# Lucas-Lehmer test

Detail from page 316 of the work Théorie des Fonctions Numériques Simplement Périodiques by Édouard Lucas (1878)

The Lucas-Lehmer test is a prime number test for Mersenne numbers , that is, for numbers of the form . The test is used in the GIMPS project ( Great Internet Mersenne Prime Search ) - the search for previously unknown Mersenne prime numbers. ${\ displaystyle M_ {n} = 2 ^ {n} -1}$

This test is based on properties of the Lucas sequences and not, like the Lucas test, on Fermat's little theorem .

## functionality

The Lucas-Lehmer test is suitable for testing Mersenne numbers from . It is essentially based on the fact that the Mersenne numbers in the dual system (binary system) consist only of ones. ${\ displaystyle M_ {3}}$

The Mersenne prime number is a prime number that is written exclusively with the binary digit "1".
binary 11 111 11111 1111111 1111111111111 11111111111111111 1111111111111111111 1111111111111111111111111111111 ...
power 2 2 −1 2 3 −1 2 5 −1 2 7 −1 2 13 −1 2 17 −1 2 19 −1 2 31 −1 ...
decimal 3 7th 31 127 8,191 131,071 524.287 2,147,483,647 ...
The most important property of a Mersenne prime number: "The number of binary digits must be a prime number."

The Mersenne number is a binary number that consists of ones ( repunit , palindrome of numbers ).${\ displaystyle M_ {n}}$${\ displaystyle n}$

The Lucas-Lehmer test works as follows:

Be odd and prime. The consequence is defined by .${\ displaystyle p}$${\ displaystyle S (k)}$${\ displaystyle S (1) = 4, S (k + 1) = S (k) ^ {2} -2}$
Then: is a prime number if and only if is divisible by .${\ displaystyle M_ {p} = 2 ^ {p} -1}$${\ displaystyle S (p-1)}$${\ displaystyle M_ {p}}$

This sentence was found in 1930 by Derrick Henry Lehmer and goes back to Édouard Lucas (see illustration). With the help of the modulo function mod, the sentence can be formulated as follows:

Be and . Then: is a prime number if and only if .${\ displaystyle S (1) = 4}$${\ displaystyle S (k + 1) \ equiv S (k) ^ {2} -2 \ mod \ M_ {p}}$${\ displaystyle M_ {p}}$${\ displaystyle S (p-1) = 0}$

## Examples

Example 1: We use this procedure to check whether a number is prime: ${\ displaystyle M_ {5} = 2 ^ {5} -1 = 31}$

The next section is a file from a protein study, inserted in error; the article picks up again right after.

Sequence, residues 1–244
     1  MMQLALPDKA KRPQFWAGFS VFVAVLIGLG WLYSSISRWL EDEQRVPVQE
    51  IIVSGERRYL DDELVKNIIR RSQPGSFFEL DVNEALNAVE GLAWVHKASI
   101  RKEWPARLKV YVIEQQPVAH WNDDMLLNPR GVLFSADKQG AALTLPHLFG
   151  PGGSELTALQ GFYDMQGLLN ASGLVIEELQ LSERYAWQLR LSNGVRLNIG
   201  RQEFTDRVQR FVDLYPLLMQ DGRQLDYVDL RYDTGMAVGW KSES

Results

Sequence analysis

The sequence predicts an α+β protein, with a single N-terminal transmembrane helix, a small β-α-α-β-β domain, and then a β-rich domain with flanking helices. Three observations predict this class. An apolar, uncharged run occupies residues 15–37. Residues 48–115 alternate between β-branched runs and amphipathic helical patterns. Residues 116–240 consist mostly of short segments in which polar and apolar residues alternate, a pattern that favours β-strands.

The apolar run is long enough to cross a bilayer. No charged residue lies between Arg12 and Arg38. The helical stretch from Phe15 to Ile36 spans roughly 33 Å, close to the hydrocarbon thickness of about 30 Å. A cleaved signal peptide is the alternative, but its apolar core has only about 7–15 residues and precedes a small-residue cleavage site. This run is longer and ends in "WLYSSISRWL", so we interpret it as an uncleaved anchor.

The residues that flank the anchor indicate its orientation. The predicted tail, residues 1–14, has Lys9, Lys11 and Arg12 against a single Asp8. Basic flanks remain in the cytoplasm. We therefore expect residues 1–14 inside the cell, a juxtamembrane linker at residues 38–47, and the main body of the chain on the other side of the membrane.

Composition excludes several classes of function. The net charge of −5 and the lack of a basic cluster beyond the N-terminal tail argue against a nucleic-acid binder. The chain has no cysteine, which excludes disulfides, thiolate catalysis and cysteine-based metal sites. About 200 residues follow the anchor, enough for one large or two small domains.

S(1) = 4
S(2) = ( 4² - 2) mod 31 =  14 mod 31 = 14
S(3) = (14² - 2) mod 31 = 194 mod 31 = 8
S(4) = ( 8² - 2) mod 31 =  62 mod 31 = 0


There is is a prime number. ${\ displaystyle S (4) = 0}$${\ displaystyle M_ {5} = 31}$

Example 2: We check whether a number is prime: ${\ displaystyle M_ {11} = 2 ^ {11} -1 = 2047}$

 S( 1) = 4
S( 2) = (   4² - 2) mod 2047 =      14 mod 2047 = 14
S( 3) = (  14² - 2) mod 2047 =     194 mod 2047 = 194
S( 4) = ( 194² - 2) mod 2047 =   37634 mod 2047 = 788
S( 5) = ( 788² - 2) mod 2047 =  620942 mod 2047 = 701
S( 6) = ( 701² - 2) mod 2047 =  491399 mod 2047 = 119
S( 7) = ( 119² - 2) mod 2047 =   14159 mod 2047 = 1877
S( 8) = (1877² - 2) mod 2047 = 3523127 mod 2047 = 240
S( 9) = ( 240² - 2) mod 2047 =   57598 mod 2047 = 282
S(10) = ( 282² - 2) mod 2047 =   79522 mod 2047 = 1736


There is is not a prime number (it holds ). ${\ displaystyle S (10)> 0}$${\ displaystyle M_ {11} = 2047}$${\ displaystyle 2047 = 23 \ cdot 89}$

Example 3: We check whether a number is prime: ${\ displaystyle M_ {19} = 2 ^ {19} -1 = 524287}$

 S( 1) = 4
S( 2) = (      4² - 2) mod 524287 =     14
S( 3) = (     14² - 2) mod 524287 =    194
S( 4) = (    194² - 2) mod 524287 =  37634
S( 5) = (  37634² - 2) mod 524287 = 218767
S( 6) = ( 218767² - 2) mod 524287 = 510066
S( 7) = ( 510066² - 2) mod 524287 = 386344
S( 8) = ( 386344² - 2) mod 524287 = 323156
S( 9) = ( 323156² - 2) mod 524287 = 218526
S(10) = ( 218526² - 2) mod 524287 = 504140
S(11) = ( 504140² - 2) mod 524287 = 103469
S(12) = ( 103469² - 2) mod 524287 = 417706
S(13) = ( 417706² - 2) mod 524287 = 307417
S(14) = ( 307417² - 2) mod 524287 = 382989
S(15) = ( 382989² - 2) mod 524287 = 275842
S(16) = ( 275842² - 2) mod 524287 =  85226
S(17) = (  85226² - 2) mod 524287 = 523263
S(18) = ( 523263² - 2) mod 524287 =      0


There is is a prime number (this has been known since 1603). ${\ displaystyle S_ {18} = 0}$${\ displaystyle M_ {19} = 524287}$

## Example implementation in Python

The following program implements the Lucas-Lehmer test in the Python programming language . In Python it is possible to calculate with arbitrarily large whole numbers that are only limited by the available memory. The implementation presented here does not take into account that the Lucas-Lehmer test ideally breaks off when it is even or not prime, this is left to the user. If you entered the program would give the wrong statement that the number 3 is not a Mersenne prime number. ${\ displaystyle p}$${\ displaystyle p = 2}$

Postmark for the discovery of the Mersenne prime number 2 11213 -1

On an Intel Pentium 4 from 2005, the calculation for this program only takes 41 seconds. The calculation in 1963, with which it was proven that is prime, took another 2¼ hours with a supercomputer Illiac II at the time . ${\ displaystyle p = 11213}$${\ displaystyle M_ {11213}}$

#Lucas-Lehmer-Test fuer Python 3
print('Lucas-Lehmer-Test (Mersenne-Zahlen)')
p = int(input('Exponent p von 2^p-1 '))
m = 2 ** p-1
print('m = 2 ^', p, '- 1 =', m)
s = 4
for i in range (2, p):
s = (s * s - 2) % m
print('ist {}eine Mersenne-Primzahl'.format('' if s == 0 else 'k'))


## Individual evidence

1. For proof, see Ribenboim: Die Welt der Prime numbers , pp. 78/79.
2. ILLIAC II in the English language Wikipedia
3. ^ Donald B. Gillies: Three new Mersenne primes and a statistical theory